The formation of modern American conservatism has long been a subject of inquiry among historians of American conservatism. These historians have often placed Dr. George S. Benson and the National Education Program (NEP) at the periphery of their explanations for, and understandings of, modern American conservatism. Through the use of Jonathan Herzog’s concept of the spiritual-industrial complex, it becomes possible to place Benson’s work at the nexus of a larger network connecting politically energized plain-folk Americans with the ideology of a nascent conservative movement. The following analysis of films created by Benson and the NEP reveals how the important trajectory of Benson’s own political activity can be understood and explained within the context of the dialectical forces at work. This I.S. studies the films Benson and the NEP created between 1948 and 1972 , presenting them as evidence of Benson’s role as intermediary whom connected plain-folk Americans with business conservatives.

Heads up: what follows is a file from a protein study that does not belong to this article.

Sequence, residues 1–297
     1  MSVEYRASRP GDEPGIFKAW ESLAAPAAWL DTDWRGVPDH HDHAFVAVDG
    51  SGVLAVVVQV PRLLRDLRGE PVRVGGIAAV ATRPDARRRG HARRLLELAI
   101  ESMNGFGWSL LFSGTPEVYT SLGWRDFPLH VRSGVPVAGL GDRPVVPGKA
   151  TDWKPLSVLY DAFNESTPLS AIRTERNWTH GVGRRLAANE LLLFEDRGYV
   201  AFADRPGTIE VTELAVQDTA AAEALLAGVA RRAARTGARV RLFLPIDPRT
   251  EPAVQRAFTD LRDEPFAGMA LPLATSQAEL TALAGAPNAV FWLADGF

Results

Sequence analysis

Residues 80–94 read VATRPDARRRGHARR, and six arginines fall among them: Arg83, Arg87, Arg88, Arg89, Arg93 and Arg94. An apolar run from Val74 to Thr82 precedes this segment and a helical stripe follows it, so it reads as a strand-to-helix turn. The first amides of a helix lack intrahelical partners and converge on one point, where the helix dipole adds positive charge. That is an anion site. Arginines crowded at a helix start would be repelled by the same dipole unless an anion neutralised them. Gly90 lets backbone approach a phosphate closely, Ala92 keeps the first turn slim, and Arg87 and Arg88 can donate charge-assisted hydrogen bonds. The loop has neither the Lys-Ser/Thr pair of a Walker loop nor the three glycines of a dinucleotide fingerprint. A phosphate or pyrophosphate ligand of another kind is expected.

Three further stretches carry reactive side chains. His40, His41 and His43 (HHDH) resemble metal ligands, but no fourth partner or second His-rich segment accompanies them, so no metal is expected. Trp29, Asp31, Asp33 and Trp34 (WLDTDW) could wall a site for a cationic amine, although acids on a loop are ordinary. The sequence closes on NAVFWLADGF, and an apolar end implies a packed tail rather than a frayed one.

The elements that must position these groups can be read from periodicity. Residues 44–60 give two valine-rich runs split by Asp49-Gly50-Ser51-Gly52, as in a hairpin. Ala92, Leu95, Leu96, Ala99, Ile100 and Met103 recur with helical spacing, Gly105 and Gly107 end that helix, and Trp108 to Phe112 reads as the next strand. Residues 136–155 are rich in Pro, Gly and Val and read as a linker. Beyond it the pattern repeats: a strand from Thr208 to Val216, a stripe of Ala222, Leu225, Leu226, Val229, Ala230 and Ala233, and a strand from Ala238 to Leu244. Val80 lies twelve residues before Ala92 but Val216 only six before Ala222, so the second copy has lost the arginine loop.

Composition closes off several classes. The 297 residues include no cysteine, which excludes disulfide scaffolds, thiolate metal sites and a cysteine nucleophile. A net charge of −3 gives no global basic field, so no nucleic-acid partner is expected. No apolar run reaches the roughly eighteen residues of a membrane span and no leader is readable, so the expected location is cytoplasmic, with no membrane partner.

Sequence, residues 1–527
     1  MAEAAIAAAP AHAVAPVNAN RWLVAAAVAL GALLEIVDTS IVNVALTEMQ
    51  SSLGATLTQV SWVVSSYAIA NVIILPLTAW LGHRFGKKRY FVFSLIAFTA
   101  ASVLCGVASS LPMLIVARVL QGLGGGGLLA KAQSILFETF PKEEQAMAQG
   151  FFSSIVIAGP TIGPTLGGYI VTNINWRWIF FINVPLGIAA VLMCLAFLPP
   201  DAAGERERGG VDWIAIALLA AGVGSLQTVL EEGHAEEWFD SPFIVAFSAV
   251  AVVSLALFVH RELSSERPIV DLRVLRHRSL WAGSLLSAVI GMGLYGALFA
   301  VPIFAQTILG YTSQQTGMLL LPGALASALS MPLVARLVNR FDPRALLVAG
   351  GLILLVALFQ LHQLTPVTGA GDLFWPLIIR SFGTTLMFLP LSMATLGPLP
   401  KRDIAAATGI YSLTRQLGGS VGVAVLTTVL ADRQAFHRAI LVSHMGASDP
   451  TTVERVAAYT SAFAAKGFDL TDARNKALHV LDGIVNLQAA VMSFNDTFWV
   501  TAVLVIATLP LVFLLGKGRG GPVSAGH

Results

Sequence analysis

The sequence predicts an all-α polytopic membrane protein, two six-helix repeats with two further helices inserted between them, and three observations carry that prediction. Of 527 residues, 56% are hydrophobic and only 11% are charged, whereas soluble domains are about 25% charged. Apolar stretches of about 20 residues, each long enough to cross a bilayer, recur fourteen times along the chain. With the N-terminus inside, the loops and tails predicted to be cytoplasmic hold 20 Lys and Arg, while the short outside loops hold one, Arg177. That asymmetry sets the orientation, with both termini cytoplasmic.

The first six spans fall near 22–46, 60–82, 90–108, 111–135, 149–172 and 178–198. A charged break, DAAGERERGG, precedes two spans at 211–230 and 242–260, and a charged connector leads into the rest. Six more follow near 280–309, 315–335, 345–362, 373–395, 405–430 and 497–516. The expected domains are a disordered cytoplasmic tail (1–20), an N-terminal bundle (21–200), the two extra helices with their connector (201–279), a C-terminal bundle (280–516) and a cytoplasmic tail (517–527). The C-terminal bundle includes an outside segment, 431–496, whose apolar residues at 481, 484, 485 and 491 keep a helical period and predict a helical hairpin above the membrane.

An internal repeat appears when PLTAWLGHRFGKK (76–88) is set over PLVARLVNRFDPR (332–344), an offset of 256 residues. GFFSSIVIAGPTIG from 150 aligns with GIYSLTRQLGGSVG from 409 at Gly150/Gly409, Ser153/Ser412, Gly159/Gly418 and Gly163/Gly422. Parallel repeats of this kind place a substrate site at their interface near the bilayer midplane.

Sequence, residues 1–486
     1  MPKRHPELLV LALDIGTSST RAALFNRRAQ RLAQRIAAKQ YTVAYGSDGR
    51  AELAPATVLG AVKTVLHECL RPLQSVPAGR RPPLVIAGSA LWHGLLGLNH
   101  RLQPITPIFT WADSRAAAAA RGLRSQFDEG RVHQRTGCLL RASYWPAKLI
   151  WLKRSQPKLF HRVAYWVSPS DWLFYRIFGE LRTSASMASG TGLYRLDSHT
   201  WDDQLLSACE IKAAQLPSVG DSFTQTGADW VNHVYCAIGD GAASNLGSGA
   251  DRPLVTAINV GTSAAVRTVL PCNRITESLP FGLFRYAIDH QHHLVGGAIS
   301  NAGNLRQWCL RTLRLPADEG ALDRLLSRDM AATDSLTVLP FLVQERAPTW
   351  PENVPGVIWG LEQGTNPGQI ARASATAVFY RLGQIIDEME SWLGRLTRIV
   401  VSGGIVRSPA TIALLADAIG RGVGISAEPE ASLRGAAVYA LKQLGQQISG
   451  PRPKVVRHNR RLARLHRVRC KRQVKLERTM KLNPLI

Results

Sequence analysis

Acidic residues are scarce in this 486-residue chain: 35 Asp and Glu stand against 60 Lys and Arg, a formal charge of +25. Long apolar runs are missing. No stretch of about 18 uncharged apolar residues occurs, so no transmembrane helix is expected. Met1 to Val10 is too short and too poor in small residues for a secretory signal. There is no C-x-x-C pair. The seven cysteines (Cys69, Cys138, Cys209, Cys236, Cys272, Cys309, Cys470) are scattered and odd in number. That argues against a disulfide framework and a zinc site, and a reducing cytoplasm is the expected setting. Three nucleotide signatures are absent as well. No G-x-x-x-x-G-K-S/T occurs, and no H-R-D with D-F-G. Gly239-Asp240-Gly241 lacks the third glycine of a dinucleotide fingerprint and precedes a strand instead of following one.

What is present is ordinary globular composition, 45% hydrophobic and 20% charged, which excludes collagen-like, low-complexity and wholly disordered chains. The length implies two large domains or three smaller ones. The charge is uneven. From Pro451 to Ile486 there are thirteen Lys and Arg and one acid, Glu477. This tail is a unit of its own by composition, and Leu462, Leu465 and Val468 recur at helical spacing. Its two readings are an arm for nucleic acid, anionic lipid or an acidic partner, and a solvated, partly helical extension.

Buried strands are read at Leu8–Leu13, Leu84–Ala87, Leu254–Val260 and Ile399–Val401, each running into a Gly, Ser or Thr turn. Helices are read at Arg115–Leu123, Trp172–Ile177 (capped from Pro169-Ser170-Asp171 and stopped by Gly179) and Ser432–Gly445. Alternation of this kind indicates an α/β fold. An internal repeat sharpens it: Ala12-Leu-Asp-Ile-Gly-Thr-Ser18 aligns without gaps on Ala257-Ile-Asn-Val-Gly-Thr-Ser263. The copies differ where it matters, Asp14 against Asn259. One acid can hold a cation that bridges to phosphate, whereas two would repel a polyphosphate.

Rapport, Jeremy

Second Advisor

Roche, Jeff


History; Religious Studies


History | History of Religion | Political History | United States History


George S. Benson, National Education Program

Publication Date


Degree Granted

Bachelor of Arts

Document Type

Senior Independent Study Thesis



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